Art Deco The SlaveRegular price $17.00
"The Slave" reproduction of Tamara de Lempicka's museum masterpiece, 1933
Tamara de Lempicka was a Polish-born painter active in Paris and the U.S. in the 1920s and 30s. She was born Tamara Gorska in Warsaw to wealthy family, and fled to Paris during the 1917 Russian Revolution. In 1916 she married Tadeusz Lempicki, a Russian lawyer and socialite, which initiated a lifestyle that would inform her body of work. While living in the French capitol throughout the 1920s, she became an integral part of the bohemian scene and was acquainted with Pablo Picasso, Jean Cocteau and André Gide.
Her subject matter consisted of portraits, erotic nudes, and still lifes of calla lilies. She received considerable acclaim for her oeuvre, and became a social celebrity, famed for her aloof attitude, her lavish parties, and her love affairs with both women and men. In 1939 she moved to the U.S. with her second husband, Baron Raoul Huffner, recreating her artistic and social success in Hollywood and New York. Today, her work is collected by many celebrities, including Madonna, Jack Nicholson, and Barbara Streisand. Lempicka died on March 18, 1980 in Cuernavaca, Mexico.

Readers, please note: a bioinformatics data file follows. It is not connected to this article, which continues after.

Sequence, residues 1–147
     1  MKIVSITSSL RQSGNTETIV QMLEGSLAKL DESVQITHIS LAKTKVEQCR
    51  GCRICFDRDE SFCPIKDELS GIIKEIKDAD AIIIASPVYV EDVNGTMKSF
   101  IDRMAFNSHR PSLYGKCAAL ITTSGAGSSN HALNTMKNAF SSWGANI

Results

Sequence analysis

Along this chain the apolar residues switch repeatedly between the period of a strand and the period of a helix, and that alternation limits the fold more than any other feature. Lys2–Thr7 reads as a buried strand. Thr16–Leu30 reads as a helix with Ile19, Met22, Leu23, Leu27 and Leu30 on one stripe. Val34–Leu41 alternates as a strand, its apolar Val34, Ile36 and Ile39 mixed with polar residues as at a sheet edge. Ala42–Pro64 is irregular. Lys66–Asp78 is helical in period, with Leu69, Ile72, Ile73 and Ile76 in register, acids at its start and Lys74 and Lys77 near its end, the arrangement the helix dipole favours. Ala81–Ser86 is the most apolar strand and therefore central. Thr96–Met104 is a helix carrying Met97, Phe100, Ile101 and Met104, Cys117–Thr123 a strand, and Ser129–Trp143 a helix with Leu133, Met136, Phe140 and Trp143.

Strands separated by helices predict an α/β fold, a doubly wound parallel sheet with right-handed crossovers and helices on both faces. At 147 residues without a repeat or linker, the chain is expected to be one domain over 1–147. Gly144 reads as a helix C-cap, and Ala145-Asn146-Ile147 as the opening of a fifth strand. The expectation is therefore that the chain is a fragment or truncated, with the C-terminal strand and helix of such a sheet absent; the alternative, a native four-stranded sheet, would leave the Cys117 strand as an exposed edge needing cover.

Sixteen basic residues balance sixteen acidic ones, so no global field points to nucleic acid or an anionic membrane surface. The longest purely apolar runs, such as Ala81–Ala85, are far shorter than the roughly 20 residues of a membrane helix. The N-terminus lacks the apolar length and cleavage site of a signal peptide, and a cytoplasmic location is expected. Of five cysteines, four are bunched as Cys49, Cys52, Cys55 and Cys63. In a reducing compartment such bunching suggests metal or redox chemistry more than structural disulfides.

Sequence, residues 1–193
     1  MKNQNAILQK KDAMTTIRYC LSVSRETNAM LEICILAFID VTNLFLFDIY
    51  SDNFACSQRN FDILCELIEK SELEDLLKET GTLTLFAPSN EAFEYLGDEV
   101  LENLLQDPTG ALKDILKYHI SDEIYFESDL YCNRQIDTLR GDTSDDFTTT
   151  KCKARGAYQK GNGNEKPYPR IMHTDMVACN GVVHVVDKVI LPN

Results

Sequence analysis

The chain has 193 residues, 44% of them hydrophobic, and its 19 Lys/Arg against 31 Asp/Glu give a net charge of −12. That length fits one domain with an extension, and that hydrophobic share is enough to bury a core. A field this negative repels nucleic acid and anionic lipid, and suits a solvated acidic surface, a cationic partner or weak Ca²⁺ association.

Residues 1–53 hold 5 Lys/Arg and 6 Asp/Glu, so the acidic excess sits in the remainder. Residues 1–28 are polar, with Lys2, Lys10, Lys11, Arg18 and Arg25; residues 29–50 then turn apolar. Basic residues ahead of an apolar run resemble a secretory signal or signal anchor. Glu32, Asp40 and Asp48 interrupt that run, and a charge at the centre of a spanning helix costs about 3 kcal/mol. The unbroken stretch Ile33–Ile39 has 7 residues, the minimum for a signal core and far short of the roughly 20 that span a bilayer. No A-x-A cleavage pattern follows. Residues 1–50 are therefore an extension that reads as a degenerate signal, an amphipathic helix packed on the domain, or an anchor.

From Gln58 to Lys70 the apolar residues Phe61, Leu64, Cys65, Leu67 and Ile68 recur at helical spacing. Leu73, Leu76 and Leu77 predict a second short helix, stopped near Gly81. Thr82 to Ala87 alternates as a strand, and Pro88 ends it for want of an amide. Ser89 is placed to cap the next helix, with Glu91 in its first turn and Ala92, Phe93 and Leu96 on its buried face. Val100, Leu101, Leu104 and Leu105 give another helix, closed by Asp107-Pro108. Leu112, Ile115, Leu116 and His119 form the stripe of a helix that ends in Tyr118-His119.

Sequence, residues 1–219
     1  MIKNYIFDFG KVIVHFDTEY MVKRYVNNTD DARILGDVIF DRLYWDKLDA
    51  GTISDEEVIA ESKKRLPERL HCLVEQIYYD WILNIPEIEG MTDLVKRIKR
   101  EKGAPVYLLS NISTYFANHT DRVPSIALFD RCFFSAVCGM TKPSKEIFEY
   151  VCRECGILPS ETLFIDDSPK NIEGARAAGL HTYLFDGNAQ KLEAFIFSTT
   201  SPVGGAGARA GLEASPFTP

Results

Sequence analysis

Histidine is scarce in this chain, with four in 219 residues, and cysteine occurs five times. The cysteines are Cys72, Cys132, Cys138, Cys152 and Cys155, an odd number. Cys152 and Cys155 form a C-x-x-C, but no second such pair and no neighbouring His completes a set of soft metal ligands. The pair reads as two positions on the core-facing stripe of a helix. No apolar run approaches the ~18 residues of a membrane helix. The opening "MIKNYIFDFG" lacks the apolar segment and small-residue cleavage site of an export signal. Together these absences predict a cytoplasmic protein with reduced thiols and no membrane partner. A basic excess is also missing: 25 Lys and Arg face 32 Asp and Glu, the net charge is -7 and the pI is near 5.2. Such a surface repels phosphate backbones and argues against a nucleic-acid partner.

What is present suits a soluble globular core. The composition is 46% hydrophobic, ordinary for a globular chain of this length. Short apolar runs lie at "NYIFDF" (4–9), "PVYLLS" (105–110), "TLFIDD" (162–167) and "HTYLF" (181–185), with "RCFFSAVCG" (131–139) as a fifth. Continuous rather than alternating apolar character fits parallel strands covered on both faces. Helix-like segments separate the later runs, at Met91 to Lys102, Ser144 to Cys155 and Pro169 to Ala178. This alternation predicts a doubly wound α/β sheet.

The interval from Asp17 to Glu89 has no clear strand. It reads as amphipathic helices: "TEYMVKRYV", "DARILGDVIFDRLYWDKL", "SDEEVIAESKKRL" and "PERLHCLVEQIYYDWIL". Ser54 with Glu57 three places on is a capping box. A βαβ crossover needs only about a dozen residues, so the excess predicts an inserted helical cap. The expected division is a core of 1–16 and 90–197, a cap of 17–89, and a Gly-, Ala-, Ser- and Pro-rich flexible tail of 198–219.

Judging from the background to this beautiful and promising chained "slave", it is hard to believe that a sultan was responsible for her rapt. Upon examination of a photo of Lempicka, critics came up with an interesting suggestion with respect to - what we are made to believe - is a self-portrait: that it represents the muted complaint of a wife fettered by marriage chains, from which she awaits deliverance.